”I felt my job was no longer giving me room to grow, so I decided to start browsing for new opportunities” (Alex, Unizen)
Today we’re speaking to Alex, ex-Typeform and now at Unizen, about why he decided to change his direction and take a big risk moving to a company that he was scouted for by a Make it in Ukraine recruiter.
He did what many people don't dare to try. He traded in the warm, stable job at a big, well-known company for the turbulent sea of an innovative startup.
Spoiler alert: does he regret it? Not a bit.
That's why we decided to talk to him and find out why he made that decision, and what came out of it.
If you’re currently feeling like your role is stagnating, or you believe there are bigger and better roles out there for you, on the market, then maybe you're right, and there probably is.
📩 Be sure to contact us. At the very least, to get to know each other and stay in touch.
Now let's get back to the point.
After Alex successfully launched the project at Typeform, he was essentially finished. Only the usual ongoing and supportive day-to-day tasks remained, which were not challenging enough for our protagonist, and so his search began. He wasn’t actively searching, but was replying to messages from recruiters that were presenting interesting projects relevant to his experience.
We approached Alex because of his excellent public facing LinkedIn profile, the main way our recruiters will reach out, actually. However annoying it may be, there are real jobs with companies behind those messages. We’re not just sending them out for fun.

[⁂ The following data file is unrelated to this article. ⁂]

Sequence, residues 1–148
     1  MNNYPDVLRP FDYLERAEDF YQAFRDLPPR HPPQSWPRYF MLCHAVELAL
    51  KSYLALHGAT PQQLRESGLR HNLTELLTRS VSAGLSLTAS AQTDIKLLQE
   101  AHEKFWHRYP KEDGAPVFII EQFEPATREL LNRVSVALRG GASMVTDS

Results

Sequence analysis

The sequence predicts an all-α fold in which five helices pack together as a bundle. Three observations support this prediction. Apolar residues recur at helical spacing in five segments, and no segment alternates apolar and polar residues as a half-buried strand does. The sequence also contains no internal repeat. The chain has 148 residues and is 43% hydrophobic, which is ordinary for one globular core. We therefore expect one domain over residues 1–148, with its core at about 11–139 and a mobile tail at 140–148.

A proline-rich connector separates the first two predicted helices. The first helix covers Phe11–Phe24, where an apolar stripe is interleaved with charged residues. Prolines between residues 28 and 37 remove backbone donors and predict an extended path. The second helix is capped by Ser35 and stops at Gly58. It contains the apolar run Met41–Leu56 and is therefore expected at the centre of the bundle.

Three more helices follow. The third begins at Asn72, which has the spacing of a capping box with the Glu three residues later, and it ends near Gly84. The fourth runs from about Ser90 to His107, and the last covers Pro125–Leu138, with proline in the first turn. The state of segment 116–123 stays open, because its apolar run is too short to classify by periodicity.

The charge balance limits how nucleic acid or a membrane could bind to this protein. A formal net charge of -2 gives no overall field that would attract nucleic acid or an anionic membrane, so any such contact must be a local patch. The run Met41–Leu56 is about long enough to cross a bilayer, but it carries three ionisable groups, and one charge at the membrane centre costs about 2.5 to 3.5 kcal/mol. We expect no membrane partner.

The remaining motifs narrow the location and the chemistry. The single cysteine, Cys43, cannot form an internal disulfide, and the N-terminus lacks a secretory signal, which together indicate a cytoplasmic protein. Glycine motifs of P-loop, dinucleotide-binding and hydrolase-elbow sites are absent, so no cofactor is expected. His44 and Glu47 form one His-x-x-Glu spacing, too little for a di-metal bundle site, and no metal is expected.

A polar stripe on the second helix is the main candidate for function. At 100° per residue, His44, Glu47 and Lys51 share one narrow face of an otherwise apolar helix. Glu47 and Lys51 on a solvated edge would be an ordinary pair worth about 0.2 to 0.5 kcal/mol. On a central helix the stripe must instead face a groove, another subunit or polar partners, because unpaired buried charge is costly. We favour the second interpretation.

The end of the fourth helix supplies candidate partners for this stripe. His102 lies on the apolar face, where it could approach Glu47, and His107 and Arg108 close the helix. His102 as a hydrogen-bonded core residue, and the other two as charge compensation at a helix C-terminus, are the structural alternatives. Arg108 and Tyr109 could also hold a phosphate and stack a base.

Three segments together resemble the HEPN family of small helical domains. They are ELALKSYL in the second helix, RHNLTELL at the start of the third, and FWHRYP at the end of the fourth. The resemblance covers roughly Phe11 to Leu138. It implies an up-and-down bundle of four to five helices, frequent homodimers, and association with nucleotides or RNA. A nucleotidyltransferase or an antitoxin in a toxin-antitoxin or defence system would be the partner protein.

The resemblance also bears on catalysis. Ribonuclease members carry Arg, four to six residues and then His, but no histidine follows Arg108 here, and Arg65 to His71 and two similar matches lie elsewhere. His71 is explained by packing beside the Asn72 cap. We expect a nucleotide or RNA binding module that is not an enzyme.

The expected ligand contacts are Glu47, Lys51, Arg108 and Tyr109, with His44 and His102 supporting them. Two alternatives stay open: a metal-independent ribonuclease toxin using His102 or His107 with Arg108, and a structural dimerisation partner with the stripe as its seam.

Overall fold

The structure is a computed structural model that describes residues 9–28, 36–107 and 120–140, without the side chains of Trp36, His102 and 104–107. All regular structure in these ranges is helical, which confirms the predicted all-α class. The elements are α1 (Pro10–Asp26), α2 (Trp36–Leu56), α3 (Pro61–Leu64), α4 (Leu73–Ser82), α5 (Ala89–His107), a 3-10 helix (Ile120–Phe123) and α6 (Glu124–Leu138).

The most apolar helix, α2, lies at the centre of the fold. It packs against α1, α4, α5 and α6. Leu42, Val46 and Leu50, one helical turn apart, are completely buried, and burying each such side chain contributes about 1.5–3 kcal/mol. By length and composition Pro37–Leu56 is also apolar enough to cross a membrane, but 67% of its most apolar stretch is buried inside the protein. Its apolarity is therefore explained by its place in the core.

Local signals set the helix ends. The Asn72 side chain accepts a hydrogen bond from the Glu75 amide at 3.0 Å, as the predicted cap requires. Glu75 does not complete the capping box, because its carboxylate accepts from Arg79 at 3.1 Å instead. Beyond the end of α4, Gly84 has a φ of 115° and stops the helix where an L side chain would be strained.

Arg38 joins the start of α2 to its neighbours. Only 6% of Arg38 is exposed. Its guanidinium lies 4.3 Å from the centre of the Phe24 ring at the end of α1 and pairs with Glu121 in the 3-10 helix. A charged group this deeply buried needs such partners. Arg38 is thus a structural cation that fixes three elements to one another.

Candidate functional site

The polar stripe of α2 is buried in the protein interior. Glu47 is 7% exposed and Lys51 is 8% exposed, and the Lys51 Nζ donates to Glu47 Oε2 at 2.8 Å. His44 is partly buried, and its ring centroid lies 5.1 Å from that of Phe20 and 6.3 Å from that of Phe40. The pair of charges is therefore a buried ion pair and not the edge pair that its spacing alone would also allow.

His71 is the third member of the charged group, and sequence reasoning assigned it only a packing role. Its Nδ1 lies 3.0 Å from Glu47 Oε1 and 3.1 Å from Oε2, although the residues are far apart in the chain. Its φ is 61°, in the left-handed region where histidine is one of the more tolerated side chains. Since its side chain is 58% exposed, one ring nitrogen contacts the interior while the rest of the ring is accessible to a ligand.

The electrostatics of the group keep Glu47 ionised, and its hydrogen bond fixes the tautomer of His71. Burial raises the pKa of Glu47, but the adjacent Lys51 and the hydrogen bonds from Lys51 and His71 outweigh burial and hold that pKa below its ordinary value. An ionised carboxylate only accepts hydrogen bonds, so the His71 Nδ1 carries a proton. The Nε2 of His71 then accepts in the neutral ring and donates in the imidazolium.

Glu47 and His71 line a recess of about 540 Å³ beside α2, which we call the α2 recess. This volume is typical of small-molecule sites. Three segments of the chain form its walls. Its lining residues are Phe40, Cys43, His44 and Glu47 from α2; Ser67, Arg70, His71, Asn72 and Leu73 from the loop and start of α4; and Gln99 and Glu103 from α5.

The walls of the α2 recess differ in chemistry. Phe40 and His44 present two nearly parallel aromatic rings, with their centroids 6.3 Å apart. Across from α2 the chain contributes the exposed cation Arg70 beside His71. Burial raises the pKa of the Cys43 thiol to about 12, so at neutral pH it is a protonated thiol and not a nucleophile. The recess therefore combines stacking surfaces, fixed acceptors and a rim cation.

Our first message peaked Alex’s interest. We get straight to the point, normally. Our recruiters are always told to put the full job offering, including compensation and package details, on full view. We don’t want to waste your time calling for jobs that just don’t hit your standards.
Our recruiters don't allow themselves to be messed up by technologies (like Java vs. JS). They will never write to a person unless they have carefully studied that person's profile and are confident that they are writing to a relevant candidate.
We never do the "At least someone must respond to me, please-please-please" option. Mark our word!
When looking for the right ideal job for our candidate, we make sure to ask potential employers a few questions to make sure of this:
Candidate and company should be suitable not only technically, but also culturally and psychologically
Some important criteria that are guiding us:
For instance, as a part of our "pre-pitching" with Alex: he mentioned that for him, it’s very “important to be in a product team, and to be involved in the process”
And so it happened. We've found an ideal employer for Alex in all these 3 domains (tech, culture, and psychological comfort). It was Unizen company.
Alex asked for details, and we jumped on a call.
It might seem like the hiring process was multi-layered and time-consuming, but it was definitely not. The whole process consisted of only three steps. Here's how it worked:
We are all extremely bored with the numerous pointless recruiting stages and all those kangaroo courts.
That's why we tried to remove everything unnecessary and helped Alex start with the main thing:
Usually in films, in the end credits, they write what happened next.
In conclusion, we'd like to remind you the key thing about the modern world:
So, let's get to know each other:
A short illustration:
Last year we met and stayed in touch with Oleg, a Lead Developer. Just before the holidays, he texted us, "Hi, Make it in Ukraine, can you send me your top three employers' jobs?"
Guess what? After the holidays, he already landed a job with one of them. 😎 But that's another story (which we'll be sure to tell you next time).
Just drop us your CV and expectations and we’ll show you the best roles that match your profile.
Get exclusive strategies and access to premium talent delivered straight to your inbox.